Japanese Maples: Brilliant Stars of Fall Landscapes
Fall is in full swing, and Japanese maples are the stars of the garden. With their ever-changing beauty, Japanese maples have captured the hearts of gardeners and poets for hundreds of years. These ornamental trees offer four seasons of beauty in the landscape. Crimson new growth in spring, followed by bright green leaves (certain cultivars have red leaves) in summer and a spectacular display in autumn of brilliant foliage in shades of orange, red and yellow. In winter, striking silhouettes create living sculptures.
There are hundreds of cultivars of Japanese maples, each with its own distinct charm. Selections include those that are weeping, upright, dwarf and even miniature. Japanese maples make beautiful specimen trees in the landscape but will also grow happily in decorative pots. They are popular subjects for training as bonsai, a way of directing the growth of trees and shrubs through pruning to maintain them as miniature versions of their mature counterparts.
At Gibbs Gardens, there are more than 2,000 Japanese maples, including hundreds of varieties. Most are selections of Acer palmatum or Acer japonicum, planted throughout the 220 acres. Many are planted in the Japanese Gardens, sited next to ponds, where they create dramatic reflections.
Japanese maples make good companions when planted in combination with other shrubs, trees and perennials, including azaleas and flowering cherries. A colorful grouping for autumn includes the perennial Arkansas blue star, Amsonia hubrichtii (with foliage that turns golden in fall), Camellia sasanqua 'Yuletide' and conifers of various shades of green.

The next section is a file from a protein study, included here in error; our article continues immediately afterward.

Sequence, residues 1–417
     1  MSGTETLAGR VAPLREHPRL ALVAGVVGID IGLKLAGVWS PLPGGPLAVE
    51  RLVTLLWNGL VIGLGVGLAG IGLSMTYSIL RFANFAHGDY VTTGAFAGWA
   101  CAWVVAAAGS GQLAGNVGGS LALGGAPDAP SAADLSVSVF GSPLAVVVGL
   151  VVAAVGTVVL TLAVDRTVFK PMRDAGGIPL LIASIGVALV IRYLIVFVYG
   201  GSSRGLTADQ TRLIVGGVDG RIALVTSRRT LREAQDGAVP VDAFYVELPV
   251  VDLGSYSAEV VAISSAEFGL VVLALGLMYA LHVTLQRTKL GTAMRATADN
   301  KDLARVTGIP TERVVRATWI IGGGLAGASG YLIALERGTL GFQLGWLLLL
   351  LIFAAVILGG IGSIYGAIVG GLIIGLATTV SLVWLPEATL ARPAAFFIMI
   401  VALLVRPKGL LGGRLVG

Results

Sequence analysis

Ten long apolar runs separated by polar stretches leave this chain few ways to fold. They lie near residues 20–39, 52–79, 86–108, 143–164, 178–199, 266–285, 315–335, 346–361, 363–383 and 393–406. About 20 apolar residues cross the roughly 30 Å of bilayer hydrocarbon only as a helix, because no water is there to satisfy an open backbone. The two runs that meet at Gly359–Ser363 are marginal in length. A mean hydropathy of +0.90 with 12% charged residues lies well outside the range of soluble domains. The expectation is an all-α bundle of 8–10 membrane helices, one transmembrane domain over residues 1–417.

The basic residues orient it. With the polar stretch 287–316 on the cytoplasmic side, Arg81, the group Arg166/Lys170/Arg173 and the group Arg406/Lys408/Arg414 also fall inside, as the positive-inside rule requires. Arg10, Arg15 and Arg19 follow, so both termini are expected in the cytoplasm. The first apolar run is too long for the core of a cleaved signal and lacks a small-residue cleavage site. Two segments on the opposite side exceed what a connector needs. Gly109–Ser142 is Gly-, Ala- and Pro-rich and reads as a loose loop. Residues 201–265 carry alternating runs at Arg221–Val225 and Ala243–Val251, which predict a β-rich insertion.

A few Japanese maples for Southern Gardens
Acer japonicum ‘Aconitifolium’ - Known as the Full Moon maple, this tree grows 20 to 30 feet tall and has dissected leaves that are deeply lobed. The leaves turn crimson in fall.
Acer palmatum ‘Bloodgood’ - This small rounded tree grows 15 to 20 feet tall with leaves that are deep reddish-purple. Noted for its excellent red fall color.
Acer palmatum var. dissectum ‘Crimson Queen’ - This small tree grows 10 to 12 feet tall and has delicate foliage that retains its crimson color throughout the growing season, turning bright scarlet in the fall.
Acer palmatum ‘Ryusen’ - This striking, weeping maple grows 20 feet tall and 6 to 8 feet wide. One of the last maples to exhibit fall color, it turns orange in November.
Acer palmatum ‘Sangu Kaku’ - Named for its coral colored bark, especially noticeable on new growth, this tree grows 20 to 25 feet tall. The leaves emerge yellow-green with reddish margins in the spring and are green all summer. In autumn, the foliage turns yellow-gold.
Tips for Growing Japanese Maples
1. Plant Japanese maples in full sun or part shade.
2. Water them during periods of drought.
3. Prune when trees are dormant in late fall to mid-winter.
4. Fertilize in spring before new leaves emerge.
To view Japanese maples in their fall splendor, visit Gibbs Gardens during Japanese Maples Colorfest in October and November. The Gardens are open Wednesday through Sunday from 9 a.m. to 5 p.m.